The question is, “Should the Baltimore Orioles extend Nelson Cruz?”
The question in return is, “What will the price be to extend him?”
So, to be able to discuss the possibilities, let’s assume that the Orioles can sign Cruz at a reasonable price within the O’s budget.
Perhaps the next question that might rise is, “Why would Nelson Cruz return to the Orioles after the season he has had, since, it would seem to be true that he could get a larger contract on the free agent market?”
Remember junior year in high school … how you were sure you would get one of the hot cheerleaders to go to the prom with you; but before you were able to arrange it, all of them had another date? Instead, you ended up with the shy girl at the back of the class who was president of the National Honor Society … but then you found out she was really pretty cool after all? Would you risk the cheerleaders again your senior year, or just choose to dance again with the girl who brought ya?
It certainly seems that Nellie has had an enjoyable time with Buck Showalter and the boys. In fact, Heyman quotes Cruz’ agent Adam Katz as saying,
“It’s no secret it’s been a very positive experience for Nelson and the Orioles — though I don’t want to speak for them. He’s enjoyed every minute of it.”
The speculation is that Cruz does not want to deal with the uncertainties and stresses of another offseason of free agency if it can be avoided.
Cruz has been well-received by the Orioles fanbase. Hitting 34 home runs and leading the league will do that for you. Since the hundreds, heck – the thousands, of you who will read this are not in the same room with me where you could stone me to death with baseballs, I’ll go ahead and raise the next question …
“Should the Orioles extend Nelson Cruz?”
“What?” you say. “That’s the same question!”
No, what I mean by this is to ask if Cruz is really worth bringing back. There is no doubt that he saved the Orioles’ biscuit for the first half of the year. And not wanting to sound like a “what have you done for me lately?” sort of guy on the bottom line … well … what has he done for us lately?
Last night he hit a double that ended up being the winning run, and he hit two other balls hard. In recent games he seems to have found a better stroke.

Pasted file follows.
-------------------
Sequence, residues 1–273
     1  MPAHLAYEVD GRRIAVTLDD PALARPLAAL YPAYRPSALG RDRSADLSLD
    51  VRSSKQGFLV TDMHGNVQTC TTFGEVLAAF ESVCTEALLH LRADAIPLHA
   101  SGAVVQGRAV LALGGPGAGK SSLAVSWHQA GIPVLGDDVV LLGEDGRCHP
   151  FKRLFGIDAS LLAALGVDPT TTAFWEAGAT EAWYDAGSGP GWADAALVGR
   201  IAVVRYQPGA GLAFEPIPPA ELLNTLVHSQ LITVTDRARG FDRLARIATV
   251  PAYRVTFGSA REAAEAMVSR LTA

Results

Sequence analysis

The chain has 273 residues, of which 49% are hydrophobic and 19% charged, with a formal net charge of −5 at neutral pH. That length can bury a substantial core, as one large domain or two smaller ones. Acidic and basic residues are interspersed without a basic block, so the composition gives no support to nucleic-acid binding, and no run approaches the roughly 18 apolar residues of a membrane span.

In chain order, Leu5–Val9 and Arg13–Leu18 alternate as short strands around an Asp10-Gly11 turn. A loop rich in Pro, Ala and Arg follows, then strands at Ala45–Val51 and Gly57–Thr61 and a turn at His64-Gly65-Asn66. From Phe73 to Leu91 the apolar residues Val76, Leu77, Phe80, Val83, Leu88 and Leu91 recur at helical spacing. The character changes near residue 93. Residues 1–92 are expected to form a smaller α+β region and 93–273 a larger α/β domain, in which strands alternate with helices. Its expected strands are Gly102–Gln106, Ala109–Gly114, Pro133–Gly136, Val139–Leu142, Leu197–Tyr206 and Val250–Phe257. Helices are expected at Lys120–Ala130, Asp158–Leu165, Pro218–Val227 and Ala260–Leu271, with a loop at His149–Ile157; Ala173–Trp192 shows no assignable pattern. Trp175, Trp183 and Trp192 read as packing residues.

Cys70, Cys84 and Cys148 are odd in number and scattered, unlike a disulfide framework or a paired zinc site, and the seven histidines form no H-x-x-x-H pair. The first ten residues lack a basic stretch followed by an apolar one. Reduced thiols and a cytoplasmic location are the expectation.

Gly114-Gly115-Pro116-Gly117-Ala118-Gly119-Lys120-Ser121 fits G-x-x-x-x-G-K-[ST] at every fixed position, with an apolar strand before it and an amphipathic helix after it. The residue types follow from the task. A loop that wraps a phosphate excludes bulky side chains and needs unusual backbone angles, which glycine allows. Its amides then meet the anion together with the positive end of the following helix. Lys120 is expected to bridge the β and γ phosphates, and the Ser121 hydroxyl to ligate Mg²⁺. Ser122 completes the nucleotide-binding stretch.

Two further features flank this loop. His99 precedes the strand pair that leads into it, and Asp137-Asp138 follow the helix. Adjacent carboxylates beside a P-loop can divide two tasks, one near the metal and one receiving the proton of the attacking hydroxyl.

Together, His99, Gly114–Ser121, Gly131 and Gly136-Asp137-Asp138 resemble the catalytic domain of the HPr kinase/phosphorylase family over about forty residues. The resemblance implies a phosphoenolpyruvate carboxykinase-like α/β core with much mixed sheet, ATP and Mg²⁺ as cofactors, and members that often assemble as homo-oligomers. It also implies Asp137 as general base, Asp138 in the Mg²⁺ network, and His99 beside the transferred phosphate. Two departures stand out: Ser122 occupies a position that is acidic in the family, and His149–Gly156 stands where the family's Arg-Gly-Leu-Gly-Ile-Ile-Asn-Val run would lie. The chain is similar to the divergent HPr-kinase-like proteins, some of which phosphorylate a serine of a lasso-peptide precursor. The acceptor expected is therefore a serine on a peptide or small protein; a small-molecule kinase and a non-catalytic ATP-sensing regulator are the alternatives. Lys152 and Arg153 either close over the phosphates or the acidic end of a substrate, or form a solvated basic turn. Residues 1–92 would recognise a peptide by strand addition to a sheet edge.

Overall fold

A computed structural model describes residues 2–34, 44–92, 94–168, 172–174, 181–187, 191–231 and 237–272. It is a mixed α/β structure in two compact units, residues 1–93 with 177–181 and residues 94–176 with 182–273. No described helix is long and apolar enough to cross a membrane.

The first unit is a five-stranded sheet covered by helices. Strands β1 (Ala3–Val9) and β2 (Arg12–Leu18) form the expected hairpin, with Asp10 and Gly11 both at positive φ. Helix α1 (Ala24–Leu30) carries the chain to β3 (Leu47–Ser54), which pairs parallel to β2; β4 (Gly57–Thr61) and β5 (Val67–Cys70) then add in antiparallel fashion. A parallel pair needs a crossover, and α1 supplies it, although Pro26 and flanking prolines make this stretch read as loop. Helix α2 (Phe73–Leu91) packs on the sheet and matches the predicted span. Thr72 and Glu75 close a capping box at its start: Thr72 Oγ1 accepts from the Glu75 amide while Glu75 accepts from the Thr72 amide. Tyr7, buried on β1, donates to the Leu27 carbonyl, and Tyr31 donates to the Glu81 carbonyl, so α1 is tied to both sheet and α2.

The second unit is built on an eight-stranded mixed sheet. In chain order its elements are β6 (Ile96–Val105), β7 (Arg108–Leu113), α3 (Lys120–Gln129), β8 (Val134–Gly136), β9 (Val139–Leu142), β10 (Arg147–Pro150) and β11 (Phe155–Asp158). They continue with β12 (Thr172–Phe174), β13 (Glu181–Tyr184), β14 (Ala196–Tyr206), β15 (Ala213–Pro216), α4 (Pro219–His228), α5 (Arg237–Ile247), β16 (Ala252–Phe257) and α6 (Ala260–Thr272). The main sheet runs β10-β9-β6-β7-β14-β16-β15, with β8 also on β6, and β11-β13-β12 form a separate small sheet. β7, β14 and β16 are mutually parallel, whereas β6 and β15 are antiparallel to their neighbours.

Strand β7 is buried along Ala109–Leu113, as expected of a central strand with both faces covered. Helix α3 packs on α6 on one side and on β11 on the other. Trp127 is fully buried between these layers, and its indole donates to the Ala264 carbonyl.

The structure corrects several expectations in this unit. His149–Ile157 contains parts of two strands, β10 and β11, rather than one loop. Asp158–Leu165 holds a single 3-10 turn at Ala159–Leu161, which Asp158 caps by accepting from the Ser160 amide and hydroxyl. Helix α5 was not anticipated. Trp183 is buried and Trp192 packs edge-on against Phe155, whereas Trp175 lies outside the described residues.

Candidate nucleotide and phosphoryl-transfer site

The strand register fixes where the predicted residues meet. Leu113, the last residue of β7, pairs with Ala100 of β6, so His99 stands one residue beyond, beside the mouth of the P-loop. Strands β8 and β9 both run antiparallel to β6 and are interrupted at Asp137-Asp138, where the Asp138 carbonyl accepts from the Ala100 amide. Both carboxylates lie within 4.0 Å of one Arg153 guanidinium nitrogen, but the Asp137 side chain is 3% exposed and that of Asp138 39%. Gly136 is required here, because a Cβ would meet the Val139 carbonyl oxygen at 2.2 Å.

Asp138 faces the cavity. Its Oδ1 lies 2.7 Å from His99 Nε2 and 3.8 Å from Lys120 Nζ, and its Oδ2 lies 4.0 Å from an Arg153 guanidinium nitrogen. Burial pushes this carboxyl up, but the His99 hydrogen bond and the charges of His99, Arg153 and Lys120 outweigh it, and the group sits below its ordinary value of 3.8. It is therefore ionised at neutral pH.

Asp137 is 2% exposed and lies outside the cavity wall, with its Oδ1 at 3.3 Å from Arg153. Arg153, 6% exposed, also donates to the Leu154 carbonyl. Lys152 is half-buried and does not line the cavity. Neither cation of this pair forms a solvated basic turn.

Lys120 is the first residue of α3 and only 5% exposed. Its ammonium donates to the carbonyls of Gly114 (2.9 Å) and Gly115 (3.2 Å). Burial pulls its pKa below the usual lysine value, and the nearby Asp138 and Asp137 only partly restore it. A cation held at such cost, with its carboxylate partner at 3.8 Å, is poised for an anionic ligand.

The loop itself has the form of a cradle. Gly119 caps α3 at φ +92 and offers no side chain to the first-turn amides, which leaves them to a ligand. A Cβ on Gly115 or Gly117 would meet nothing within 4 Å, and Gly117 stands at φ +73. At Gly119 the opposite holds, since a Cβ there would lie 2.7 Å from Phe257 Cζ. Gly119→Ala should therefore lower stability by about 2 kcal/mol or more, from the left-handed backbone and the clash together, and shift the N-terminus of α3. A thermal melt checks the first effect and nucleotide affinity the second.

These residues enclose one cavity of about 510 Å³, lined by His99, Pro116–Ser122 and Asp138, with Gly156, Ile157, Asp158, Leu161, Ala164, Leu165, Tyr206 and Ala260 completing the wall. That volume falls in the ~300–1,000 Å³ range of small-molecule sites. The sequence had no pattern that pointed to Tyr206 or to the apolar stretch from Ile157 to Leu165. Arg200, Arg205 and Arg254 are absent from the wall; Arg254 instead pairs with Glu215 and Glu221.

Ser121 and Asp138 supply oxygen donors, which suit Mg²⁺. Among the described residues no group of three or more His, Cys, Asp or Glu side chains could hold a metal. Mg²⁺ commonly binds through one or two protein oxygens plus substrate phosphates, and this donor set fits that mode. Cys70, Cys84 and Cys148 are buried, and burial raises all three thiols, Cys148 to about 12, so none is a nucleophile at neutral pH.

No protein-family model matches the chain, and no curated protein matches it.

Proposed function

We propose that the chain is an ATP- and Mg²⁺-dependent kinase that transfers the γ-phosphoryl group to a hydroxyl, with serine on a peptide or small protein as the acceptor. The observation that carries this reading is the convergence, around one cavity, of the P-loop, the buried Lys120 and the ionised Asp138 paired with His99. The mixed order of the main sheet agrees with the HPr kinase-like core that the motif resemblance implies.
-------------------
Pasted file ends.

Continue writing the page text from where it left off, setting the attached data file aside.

But there is still the issue of an extended period of production difficulties – like two months of difficulties. And no, he’s not the only one, and yes, there are still 30 games to go, and some more after that. If he returns to something approaching the first half of the season and he wants to stay happy in Baltimore, we could just end the article here and say, “Git ‘R Done.”
It has been largely assumed all along that Nelson Cruz was unlikely to be back due to the simple financial mathematics of it all. I’ve wondered if the Orioles should not use resources to sign another happy-looking fellow – Delmon Young – for the primary DH role in 2015.
Young has had a consistently good year, and people tend to forget that he is still rather young (Young is young is what I’m trying to say); he will turn 29 on September 14th. Nelson Cruz is far from over the hill, as he just turned 34 this summer.
Currently, Cruz is hitting .256 in almost 500 at-bats, while Young is at .300 in 200 total at-bats. If you extend Young’s production numbers to the same at-bats and plate appearances as Cruz, he actually would have nearly the same extra-base hit total – but more doubles and less home runs. The RBIs would be substantially less, though Young has not hit in the clean-up position as had Cruz.
At the end of the day (actually at the end of the season), it will come down to dollars and cents, as always, but it is all very intriguing. And it is very heartening that a free agent like Cruz would want to be in Baltimore. That sort of thing would not have been true at all, or even imaginable, just three to four short years ago.